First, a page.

Institute of Food and Agricultural Sciences
Hendry County Horticulture News
Passion Vine - An Attractive Exotic Perennial
Looking for something new for the garden? How about something with exotic, attractive, silky looking flowers, something edible, something easy to grow, something that will grow up a fence or a trellis, something that be used to cover unsightly features or problem spots in the yard , something that attracts butterflies? The passion flower or passion vine embodies all these noteworthy characteristics. The passion flower is a rampant climbing perennial vine with attractive 3-5 inch blossoms that range from shades of blue, purple, white, red or crimson depending on the species.
Passion flowers (Passiflora spp.) are found wild in North America, South America and Australia. They were given there name by early Spanish missionaries to South America who saw in the peculiar arrangement of the flower many features relating to the Crucifixion. The flower consists of an outer ring of ten petals, which were thought to represent the ten apostles who witnessed the crucifixion or passion of Christ. Within the petals is a ring of filaments suggestive of the crown of thorns, the five stamens were said to represent the wounds and the three stigmas the nails.
Several ornamental passion flowers are available in Florida, and should not be confused with the fruiting types. Ordinarily, ornamental vines do not bear fruit. These are the Red Passion-flower, (Passiflora coccinea) and 2 hybrids (P. alato-caerulea) and Passiflora 'Incense' ( P. incarnata. x P. cincinnata). These hybrids bear spectacular blue and mauve flowers, respectively.
Several varieties including the purple passion fruit (Passiflora edulis), the yellow passion fruit (P. edulis var. flavicarpa); and the giant granadilla (P.quadrangularis). produce edible fruits which are known for the delightful exotic flavor of their juice. Passion fruit is cultivated commercially in several tropical and sub tropical areas including Australia, Hawaii, South Africa and Brazil. The unique flavor of the juice is used to formulate a number of juice blends and punches including Hawaiian punch.
Passion vines are sub tropical in nature and most require relatively warm weather to successfully set fruit. Vines may be killed to the ground in the advent of severe frost but will generally grow back from the root when the weather warms up.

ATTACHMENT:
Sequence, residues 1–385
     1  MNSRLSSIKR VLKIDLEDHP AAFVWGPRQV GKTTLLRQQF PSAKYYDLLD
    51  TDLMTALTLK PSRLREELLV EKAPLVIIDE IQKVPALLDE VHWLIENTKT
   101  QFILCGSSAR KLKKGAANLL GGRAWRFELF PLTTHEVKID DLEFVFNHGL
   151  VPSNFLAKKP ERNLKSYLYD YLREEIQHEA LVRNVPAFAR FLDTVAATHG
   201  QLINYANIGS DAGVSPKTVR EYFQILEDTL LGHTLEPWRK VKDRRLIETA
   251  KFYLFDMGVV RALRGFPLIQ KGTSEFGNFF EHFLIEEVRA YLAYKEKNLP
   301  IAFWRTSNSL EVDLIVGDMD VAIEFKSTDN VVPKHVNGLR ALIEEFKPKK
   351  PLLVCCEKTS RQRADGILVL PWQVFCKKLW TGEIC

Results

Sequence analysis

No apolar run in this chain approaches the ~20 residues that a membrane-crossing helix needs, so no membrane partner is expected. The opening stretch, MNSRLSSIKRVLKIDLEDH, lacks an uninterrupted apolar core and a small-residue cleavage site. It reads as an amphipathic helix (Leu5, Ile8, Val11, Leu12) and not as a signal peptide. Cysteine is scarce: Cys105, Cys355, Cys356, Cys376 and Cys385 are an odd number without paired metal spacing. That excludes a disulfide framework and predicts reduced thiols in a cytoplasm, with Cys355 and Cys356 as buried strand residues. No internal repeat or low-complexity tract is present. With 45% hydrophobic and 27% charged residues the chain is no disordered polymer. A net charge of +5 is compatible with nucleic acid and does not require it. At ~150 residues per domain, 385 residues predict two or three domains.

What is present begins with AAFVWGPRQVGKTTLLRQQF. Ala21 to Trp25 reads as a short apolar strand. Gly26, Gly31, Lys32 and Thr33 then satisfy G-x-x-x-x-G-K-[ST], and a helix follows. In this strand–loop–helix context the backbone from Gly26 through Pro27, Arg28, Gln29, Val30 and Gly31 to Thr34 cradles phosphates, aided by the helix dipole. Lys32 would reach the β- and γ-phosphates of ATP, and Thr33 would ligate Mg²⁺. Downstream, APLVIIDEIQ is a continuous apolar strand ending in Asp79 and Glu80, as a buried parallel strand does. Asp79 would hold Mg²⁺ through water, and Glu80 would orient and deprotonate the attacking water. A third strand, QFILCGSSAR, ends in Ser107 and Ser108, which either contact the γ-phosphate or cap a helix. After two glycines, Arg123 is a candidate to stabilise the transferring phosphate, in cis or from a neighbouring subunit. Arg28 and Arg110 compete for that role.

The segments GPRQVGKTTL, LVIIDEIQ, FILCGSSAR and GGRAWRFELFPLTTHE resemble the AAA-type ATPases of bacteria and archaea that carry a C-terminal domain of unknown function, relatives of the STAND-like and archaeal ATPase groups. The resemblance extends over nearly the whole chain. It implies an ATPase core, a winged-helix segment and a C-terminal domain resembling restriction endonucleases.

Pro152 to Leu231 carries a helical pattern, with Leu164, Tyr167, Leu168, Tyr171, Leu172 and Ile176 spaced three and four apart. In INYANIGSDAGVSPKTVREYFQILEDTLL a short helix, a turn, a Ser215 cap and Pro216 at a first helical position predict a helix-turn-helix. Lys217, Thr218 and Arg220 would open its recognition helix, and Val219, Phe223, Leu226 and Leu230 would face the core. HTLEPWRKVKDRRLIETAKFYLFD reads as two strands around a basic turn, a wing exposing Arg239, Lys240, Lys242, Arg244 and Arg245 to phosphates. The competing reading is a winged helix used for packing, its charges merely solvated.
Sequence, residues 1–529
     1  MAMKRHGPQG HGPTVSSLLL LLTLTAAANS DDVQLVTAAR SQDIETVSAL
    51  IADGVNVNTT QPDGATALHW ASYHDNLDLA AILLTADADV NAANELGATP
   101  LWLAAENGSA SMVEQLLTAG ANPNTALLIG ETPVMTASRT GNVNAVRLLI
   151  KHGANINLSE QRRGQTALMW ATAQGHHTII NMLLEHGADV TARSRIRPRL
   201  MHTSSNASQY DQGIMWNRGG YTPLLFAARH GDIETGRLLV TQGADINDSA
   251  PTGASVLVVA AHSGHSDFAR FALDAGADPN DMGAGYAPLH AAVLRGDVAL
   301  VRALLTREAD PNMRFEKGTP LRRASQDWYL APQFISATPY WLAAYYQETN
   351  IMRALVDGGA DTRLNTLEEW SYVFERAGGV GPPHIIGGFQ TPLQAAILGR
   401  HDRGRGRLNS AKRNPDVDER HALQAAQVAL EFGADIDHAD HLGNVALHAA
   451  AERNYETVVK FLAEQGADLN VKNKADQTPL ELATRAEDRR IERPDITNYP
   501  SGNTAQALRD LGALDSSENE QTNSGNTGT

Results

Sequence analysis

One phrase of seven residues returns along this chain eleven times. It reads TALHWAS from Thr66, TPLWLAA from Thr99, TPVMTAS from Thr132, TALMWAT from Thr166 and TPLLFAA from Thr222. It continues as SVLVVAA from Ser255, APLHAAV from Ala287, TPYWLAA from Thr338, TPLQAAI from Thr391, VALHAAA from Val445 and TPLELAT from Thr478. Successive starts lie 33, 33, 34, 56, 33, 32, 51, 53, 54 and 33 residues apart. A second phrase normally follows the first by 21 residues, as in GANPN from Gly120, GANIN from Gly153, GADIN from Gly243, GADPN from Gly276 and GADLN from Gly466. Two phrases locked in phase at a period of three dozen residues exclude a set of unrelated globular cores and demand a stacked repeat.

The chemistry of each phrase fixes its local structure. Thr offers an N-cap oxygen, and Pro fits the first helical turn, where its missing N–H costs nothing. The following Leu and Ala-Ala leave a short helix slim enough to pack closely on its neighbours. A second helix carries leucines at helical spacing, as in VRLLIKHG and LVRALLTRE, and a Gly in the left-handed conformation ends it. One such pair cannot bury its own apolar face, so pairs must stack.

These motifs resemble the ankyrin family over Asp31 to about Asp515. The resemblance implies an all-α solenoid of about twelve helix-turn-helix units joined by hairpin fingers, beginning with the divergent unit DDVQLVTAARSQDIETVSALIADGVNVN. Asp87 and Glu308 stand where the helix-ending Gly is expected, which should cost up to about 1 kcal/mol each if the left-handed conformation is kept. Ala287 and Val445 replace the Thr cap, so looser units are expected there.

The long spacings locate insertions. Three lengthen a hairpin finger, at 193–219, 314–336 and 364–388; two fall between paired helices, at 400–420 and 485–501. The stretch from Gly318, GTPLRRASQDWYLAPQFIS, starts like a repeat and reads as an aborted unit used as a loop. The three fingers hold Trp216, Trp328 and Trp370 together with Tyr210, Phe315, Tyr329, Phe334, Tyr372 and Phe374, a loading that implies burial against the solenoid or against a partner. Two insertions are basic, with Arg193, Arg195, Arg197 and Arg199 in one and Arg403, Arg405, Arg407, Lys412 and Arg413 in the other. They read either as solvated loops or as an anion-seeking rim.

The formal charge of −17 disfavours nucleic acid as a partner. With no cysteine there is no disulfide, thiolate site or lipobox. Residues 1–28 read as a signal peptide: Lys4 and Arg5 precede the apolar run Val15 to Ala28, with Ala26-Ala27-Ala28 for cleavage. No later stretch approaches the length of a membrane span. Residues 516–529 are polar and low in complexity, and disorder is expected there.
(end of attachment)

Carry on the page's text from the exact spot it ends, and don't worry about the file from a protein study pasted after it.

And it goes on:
Passion vines are well adapted to our loose sandy soils and have even become naturalized in some areas. Large stands of wild passion vines may be found along the banks of the Caloosahatchee in the vicinity of Port LaBelle. A balanced fertilizer that supplies nitrogen, phosphorus and potassium in approximately equal proportions, as well as essential micro nutrients is adequate for passion vines on acid, sandy soils. On alkaline soils, foliar sprays may be needed to avoid chlorosis.
Fertilizer should be applied in early spring before growth begins. Light applications should be given 4 to 6 week intervals through October in southern Florida. Passion vines are heavy feeders, but over fertilization will damage the roots, and possibly destroy the plant. The amount to apply depends on the size of the plant, and can be determined by experience. No more than (4-6 oz.) of low analysis (6-6-6, 5-7-5, etc.) fertilizer should be applied at one time.
Passion vines are natural climbers and should be provided a trellis or planted near a fence or wall that they can clamber up and catch the sunlight. Passion vines are useful in decorating patios, arbors, fences and walls. Passion vines tend to be quite vigorous especially on fertile sites and must be pruned regularly to keep them under control. If left unchecked they are capable of climbing and possibly smothering nearby desirable trees and shrubs.
Seedlings set in the spring will spend most of the first season in vigorous vegetative growth, although a few flowers and fruit may appear in late summer on the yellow passion fruit and ornamental types. Vines grown from cuttings flower more profusely and set more fruit the first year than do seedlings.
Nematodes and fungi that invade the roots are the most common pests on Passiflora species in Florida. The purple passion fruit is impossible to grow in many parts of south Florida unless grafted on the root of the yellow passion fruit or another nematode resistant species. Passion vines are the favored larval food of a number of butterflies including the gulf and variegated fritillaries and the orange and zebra long wings. Insecticides should be avoided if attracting these winged creatures is a priority. Caterpillars will chew some leaves but will not cause any long term harm to the plant.
The passion vine is a versatile flowering vine that just might have a place in your yard. Good luck and good gardening.
Gene McAvoy is the horticulture agent with the Hendry County Extension Service. Direct your horticulture questions to PO Box 68, LaBelle, FL 33975, e-mail - email@example.com or phone 863-674-4092 or 863-983-1598. You are also welcome to visit the Hendry County Extension Office at 225 Pratt Blvd., LaBelle. Office hours are from 8:00 - 5:00.
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